“The Italian” rests entirely on Spiridonov’s tiny, malnourished shoulders, and he gives a performance of such natural beauty that it would make child actors of the American variety bow their heads in collective shame. There isn’t much more to Kravchuk’s film than watching Spiridonov in action, but the kid puts on a JV master class. In another child actor’s hands, the sentimentality could overpower the story, and the irritatingly simplistic score could take away the emotional impact, but you just can’t take your eyes off that damn kid.

“The Italian” opens in limited release on January 19th (official site).

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The Best Of The Last

Portlandia Goes Out With A Bang

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The end is near. In mere days Portlandia wraps up its final season, and oh what a season it’s been. Lucky for you, you can watch the entire season right now right here and on the IFC app, including this free episode courtesy of Subaru.

But now, let’s take a moment to look back at some of the new classics Fred and Carrie have so thoughtfully bestowed upon us. (We’ll be looking back through tear-blurred eyes, but you do you.)

Couples Dinner

It’s not that being single sucks, it’s that you suck if you’re single.

Cancel it!

A sketch for anyone who has cancelled more appointments than they’ve kept. Which is everyone.

Forgotten America

This one’s a “Serial” killer…everything both right and wrong about true crime podcasts.

Wedding Planners

The only bad wedding is a boring wedding.

Disaster Hut

It’s only the end of the world if your doomsday kit doesn’t include rosé.

Catch up on Portlandia’s final episodes on demand and at

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The New Portlandia Webseries Is Going Your Way

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Carrie and Fred understand that although we have so much in common, we’re each so beautifully unique and different. To help us navigate those differences, Portlandia has found an easy and honest way to embrace our special selves in the form of a progressive new traffic system: a specific lane for every kind of driver. It’s all in honor of the show’s 8th and final season, and it’s all presented by Subaru.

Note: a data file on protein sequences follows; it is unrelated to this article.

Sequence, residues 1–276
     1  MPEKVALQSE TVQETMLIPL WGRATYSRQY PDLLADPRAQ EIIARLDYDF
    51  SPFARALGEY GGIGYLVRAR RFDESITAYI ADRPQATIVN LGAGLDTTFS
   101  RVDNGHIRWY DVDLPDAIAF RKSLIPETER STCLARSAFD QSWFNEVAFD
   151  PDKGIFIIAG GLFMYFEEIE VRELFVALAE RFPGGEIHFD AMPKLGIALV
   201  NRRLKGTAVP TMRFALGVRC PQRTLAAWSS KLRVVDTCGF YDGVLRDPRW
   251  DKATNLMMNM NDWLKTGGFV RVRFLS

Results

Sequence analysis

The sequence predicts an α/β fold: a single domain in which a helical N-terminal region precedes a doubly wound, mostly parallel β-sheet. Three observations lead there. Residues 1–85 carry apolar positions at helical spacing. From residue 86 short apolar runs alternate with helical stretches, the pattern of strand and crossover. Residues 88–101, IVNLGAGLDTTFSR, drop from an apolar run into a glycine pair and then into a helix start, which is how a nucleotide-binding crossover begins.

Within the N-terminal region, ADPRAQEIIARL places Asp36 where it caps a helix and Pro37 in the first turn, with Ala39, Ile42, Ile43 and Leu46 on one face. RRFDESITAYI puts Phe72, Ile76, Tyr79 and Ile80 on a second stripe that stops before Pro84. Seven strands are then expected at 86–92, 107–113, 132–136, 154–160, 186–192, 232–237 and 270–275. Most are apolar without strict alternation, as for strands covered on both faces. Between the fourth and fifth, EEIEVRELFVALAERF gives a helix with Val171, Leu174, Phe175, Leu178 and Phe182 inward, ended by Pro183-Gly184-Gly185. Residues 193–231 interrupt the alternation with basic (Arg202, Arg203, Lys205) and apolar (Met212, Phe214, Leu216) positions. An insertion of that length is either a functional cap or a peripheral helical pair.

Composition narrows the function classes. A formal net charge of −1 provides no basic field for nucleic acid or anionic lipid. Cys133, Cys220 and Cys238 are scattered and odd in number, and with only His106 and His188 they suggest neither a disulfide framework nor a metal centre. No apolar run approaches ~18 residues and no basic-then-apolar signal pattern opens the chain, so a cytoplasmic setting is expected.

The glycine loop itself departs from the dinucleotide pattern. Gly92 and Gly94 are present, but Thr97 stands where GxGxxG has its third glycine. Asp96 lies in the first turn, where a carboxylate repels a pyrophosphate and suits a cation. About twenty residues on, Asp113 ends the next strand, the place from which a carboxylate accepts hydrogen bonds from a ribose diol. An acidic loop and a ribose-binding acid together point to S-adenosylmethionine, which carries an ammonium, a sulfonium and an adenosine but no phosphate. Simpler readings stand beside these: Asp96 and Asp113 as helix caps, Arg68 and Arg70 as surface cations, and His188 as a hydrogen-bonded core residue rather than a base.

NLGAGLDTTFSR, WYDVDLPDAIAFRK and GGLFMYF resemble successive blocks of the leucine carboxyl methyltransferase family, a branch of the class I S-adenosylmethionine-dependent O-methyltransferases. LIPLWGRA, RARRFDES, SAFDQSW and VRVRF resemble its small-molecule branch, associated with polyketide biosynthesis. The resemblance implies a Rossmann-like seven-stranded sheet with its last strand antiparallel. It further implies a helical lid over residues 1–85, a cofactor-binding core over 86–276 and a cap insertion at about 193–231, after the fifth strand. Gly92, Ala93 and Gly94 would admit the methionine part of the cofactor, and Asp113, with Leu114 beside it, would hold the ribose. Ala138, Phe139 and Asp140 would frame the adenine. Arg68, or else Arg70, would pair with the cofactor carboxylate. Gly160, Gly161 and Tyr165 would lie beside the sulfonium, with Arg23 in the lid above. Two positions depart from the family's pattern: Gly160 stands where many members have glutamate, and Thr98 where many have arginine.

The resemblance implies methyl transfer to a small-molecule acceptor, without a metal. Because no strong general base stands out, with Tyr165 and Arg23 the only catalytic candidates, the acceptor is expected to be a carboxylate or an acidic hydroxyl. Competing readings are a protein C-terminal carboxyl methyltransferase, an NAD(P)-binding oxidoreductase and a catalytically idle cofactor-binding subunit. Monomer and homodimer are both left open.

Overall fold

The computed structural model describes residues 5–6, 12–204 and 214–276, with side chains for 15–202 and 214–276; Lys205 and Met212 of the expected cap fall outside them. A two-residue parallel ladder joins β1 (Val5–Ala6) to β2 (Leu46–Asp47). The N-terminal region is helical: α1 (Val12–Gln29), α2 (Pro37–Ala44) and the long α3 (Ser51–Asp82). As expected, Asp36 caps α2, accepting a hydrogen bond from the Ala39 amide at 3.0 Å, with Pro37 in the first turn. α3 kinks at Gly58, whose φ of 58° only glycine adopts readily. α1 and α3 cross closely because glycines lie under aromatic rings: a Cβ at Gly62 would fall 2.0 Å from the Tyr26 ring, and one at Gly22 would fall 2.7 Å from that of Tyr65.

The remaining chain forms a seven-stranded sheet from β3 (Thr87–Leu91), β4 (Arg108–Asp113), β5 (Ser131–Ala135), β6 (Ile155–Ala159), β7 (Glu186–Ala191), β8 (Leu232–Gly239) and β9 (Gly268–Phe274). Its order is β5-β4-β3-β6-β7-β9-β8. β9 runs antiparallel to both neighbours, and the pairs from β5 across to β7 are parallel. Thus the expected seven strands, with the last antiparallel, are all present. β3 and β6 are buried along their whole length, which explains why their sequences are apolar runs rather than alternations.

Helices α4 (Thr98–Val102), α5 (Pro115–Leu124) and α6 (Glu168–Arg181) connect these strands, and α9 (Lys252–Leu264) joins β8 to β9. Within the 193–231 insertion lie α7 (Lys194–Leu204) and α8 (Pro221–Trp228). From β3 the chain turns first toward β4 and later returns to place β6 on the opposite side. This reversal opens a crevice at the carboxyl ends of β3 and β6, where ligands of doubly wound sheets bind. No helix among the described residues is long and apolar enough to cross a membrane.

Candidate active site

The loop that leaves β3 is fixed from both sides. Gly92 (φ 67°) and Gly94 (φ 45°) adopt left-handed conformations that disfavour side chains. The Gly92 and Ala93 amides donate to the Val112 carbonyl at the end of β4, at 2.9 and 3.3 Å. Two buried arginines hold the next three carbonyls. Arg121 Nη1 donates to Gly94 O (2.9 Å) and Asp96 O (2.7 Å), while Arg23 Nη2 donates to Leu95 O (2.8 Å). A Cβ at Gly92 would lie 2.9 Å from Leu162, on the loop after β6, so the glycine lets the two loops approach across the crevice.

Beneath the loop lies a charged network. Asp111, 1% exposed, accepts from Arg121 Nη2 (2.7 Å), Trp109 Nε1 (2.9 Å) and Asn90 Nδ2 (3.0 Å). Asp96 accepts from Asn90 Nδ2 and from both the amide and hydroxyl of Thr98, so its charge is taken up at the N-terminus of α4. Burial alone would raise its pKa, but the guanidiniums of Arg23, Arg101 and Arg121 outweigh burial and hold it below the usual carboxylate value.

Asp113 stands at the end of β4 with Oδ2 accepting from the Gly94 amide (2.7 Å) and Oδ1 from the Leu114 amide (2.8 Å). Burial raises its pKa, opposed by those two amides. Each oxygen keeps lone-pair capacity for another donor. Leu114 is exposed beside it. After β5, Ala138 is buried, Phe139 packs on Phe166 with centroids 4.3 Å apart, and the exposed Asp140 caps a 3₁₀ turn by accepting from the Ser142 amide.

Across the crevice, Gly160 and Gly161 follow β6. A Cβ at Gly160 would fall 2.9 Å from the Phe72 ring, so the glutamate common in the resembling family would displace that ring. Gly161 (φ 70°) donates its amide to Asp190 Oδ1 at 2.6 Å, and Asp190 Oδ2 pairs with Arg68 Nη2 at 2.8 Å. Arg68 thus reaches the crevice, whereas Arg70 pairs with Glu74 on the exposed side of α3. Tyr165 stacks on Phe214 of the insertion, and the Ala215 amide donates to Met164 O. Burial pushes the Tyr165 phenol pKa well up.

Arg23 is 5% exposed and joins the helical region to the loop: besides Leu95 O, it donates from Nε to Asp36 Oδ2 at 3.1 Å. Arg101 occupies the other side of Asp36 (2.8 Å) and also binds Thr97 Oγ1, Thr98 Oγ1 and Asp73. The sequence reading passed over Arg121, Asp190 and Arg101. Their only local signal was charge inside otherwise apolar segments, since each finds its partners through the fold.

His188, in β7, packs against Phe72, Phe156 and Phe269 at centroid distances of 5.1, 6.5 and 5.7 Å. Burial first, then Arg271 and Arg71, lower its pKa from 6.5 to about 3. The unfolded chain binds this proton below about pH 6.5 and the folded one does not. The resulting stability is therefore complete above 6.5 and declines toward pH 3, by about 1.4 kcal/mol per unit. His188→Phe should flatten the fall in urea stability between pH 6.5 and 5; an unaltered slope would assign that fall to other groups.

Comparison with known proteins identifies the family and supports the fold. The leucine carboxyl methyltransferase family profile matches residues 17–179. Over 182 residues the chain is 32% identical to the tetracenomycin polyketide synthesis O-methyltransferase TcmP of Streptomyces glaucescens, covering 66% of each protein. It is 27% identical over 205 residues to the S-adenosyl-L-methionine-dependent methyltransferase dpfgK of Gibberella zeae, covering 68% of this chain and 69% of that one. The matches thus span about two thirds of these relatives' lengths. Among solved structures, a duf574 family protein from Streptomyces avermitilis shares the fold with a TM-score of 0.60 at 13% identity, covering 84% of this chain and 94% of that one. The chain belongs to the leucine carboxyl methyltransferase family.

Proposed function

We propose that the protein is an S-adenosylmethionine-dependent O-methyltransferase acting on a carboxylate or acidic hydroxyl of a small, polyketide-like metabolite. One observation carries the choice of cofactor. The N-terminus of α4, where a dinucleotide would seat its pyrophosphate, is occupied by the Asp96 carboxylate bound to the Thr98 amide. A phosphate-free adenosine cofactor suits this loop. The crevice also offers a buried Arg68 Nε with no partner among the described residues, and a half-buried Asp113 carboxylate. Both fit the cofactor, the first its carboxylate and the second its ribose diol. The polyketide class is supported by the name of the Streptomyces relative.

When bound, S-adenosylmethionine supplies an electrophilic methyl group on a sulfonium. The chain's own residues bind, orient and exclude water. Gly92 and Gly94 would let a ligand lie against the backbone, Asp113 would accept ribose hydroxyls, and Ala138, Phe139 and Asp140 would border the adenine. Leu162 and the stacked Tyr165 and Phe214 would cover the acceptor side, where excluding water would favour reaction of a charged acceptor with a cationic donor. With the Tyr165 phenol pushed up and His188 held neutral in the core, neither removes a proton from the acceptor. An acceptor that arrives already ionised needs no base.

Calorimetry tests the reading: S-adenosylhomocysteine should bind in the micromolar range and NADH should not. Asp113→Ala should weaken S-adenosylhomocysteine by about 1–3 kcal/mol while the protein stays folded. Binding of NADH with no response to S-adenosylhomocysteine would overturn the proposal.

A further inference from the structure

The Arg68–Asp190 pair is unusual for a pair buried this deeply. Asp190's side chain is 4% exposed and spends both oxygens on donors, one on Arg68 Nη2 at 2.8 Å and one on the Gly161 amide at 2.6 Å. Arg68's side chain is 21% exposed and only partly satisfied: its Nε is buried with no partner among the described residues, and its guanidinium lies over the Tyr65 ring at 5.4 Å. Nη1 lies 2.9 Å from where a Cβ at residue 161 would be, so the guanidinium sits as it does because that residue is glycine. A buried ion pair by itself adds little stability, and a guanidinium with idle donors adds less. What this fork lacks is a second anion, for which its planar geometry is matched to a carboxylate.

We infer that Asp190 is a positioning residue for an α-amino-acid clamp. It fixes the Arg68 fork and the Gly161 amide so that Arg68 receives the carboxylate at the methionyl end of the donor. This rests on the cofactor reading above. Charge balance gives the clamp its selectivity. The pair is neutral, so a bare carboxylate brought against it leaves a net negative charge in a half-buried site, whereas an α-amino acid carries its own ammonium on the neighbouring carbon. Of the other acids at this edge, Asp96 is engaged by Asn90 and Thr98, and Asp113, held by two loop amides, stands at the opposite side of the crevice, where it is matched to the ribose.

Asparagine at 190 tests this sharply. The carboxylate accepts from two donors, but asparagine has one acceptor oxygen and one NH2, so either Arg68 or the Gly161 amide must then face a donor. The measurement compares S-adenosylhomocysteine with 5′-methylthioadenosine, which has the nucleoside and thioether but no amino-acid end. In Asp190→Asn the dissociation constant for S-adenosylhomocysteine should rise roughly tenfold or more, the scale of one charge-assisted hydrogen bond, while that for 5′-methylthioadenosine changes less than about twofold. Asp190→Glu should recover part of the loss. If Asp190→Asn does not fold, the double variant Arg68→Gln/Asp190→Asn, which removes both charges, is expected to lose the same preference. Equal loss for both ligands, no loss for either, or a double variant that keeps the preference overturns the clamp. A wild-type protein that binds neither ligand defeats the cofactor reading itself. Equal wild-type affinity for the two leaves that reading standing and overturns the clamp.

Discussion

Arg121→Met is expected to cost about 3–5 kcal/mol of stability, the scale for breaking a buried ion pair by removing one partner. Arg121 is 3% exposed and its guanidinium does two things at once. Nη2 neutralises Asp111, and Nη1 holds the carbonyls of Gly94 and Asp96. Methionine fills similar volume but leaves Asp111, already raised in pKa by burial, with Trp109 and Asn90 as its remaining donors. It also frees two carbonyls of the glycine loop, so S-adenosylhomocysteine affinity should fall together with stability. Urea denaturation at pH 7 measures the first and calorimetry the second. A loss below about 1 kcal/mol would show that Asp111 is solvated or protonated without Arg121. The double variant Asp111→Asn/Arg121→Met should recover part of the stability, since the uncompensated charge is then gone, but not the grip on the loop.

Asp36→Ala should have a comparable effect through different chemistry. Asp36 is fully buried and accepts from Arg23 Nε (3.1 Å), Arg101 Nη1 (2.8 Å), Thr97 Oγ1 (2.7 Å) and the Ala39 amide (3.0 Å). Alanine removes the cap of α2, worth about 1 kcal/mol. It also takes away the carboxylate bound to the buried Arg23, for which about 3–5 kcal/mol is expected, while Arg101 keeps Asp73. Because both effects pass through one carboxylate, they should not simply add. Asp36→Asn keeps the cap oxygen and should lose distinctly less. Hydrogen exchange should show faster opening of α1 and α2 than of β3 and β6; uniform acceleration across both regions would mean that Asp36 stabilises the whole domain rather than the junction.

Ready to find out who you really are? Match your personality to a lane and hop on the expressway to self-understanding.

Lane 10: Trucks Piled With Junk

Your junk is falling out of your trunk. Shake a tail light, people — this lane is for you.

Lane 33: Twins

You’re like a Gemini, but waaaay more pedestrian. Maybe you and a friend just wear the same outfits a lot. Who cares, it’s just twinning enough to make you feel special.

Lane 27: Broken Windows

Bad luck follows you around and everyone knows it. Your proverbial seat is always damp from proverbial rain. Is this the universe telling you to swallow your pride? Yes.

Lane 69: Filthy Cars

You’re all about convenience. Getting your car washed while you drive is a no-brainer.

Lane 43: Newly Divorced Singles

It’s been a while since you’ve driven alone, and you don’t know the rules of the road anymore. What’s too fast? What’s too slow? Are you sending the right signals? Don’t worry, the breakdown lane is nearby if you need it.

Still can’t find a lane to match your personality? Check out all the videos here. And see the final season of Portlandia this spring on IFC.

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Last-Minute Holiday Gift Guide

Hits from the '80s are on repeat all Christmas Eve and Day on IFC.

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GIFs via Giphy, Photos via The Everett Collection